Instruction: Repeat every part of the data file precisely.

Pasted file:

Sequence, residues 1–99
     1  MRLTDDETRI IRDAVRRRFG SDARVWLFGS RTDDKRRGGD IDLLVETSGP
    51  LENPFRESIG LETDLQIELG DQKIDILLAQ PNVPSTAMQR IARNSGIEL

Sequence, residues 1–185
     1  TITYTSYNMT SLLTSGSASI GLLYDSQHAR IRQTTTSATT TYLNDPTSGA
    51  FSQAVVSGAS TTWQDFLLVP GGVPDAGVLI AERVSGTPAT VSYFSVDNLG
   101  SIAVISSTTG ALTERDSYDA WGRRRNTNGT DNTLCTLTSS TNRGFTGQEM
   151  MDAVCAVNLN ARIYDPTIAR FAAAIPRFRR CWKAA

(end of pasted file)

Sequence, residues 1–99
     1  MRLTDDETRI IRDAVRRRFG SDARVWLFGS RTDDKRRGGD IDLLVETSGP
    51  LENPFRESIG LETDLQIELG DQKIDILLAQ PNVPSTAMQR IARNSGIEL

Sequence, residues 1–185
     1  TITYTSYNMT SLLTSGSASI GLLYDSQHAR IRQTTTSATT TYLNDPTSGA
    51  FSQAVVSGAS TTWQDFLLVP GGVPDAGVLI AERVSGTPAT VSYFSVDNLG
   101  SIAVISSTTG ALTERDSYDA WGRRRNTNGT DNTLCTLTSS TNRGFTGQEM
   151  MDAVCAVNLN ARIYDPTIAR FAAAIPRFRR CWKAA